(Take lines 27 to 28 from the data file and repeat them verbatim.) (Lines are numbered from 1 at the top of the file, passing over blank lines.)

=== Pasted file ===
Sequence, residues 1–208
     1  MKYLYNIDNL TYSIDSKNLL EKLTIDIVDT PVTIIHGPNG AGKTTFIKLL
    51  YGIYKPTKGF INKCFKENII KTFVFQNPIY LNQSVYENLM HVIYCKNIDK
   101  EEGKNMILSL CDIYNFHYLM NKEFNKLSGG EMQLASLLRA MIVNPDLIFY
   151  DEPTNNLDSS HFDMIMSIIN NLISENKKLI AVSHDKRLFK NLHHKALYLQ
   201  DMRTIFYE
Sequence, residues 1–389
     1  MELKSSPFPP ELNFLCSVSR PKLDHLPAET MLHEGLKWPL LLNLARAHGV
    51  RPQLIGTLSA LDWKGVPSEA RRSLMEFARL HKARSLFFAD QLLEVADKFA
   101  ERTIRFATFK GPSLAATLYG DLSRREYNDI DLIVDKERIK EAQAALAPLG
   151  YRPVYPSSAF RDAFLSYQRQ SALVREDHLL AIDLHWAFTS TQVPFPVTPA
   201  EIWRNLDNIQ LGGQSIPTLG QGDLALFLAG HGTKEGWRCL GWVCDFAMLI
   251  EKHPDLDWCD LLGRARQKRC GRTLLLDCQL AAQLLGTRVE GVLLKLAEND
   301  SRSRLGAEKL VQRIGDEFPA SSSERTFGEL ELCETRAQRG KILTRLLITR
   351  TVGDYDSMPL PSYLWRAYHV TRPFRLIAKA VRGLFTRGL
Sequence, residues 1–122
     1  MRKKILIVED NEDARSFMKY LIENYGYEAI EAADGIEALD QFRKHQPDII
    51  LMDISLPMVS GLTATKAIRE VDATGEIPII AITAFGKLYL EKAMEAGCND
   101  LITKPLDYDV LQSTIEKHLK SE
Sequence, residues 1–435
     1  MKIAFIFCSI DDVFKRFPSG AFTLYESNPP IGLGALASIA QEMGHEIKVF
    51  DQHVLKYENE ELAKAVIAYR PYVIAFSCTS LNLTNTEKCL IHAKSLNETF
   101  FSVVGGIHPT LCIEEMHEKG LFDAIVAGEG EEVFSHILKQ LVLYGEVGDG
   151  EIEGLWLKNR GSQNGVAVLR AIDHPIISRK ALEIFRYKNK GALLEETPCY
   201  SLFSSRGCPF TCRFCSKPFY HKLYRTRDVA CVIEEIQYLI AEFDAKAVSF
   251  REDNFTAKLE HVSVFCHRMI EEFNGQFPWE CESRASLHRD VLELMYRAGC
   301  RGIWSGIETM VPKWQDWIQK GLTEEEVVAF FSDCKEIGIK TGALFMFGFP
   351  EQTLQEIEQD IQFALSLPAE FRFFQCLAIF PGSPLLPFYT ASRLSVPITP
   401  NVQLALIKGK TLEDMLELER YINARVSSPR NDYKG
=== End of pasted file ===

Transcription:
   301  RGIWSGIETM VPKWQDWIQK GLTEEEVVAF FSDCKEIGIK TGALFMFGFP
   351  EQTLQEIEQD IQFALSLPAE FRFFQCLAIF PGSPLLPFYT ASRLSVPITP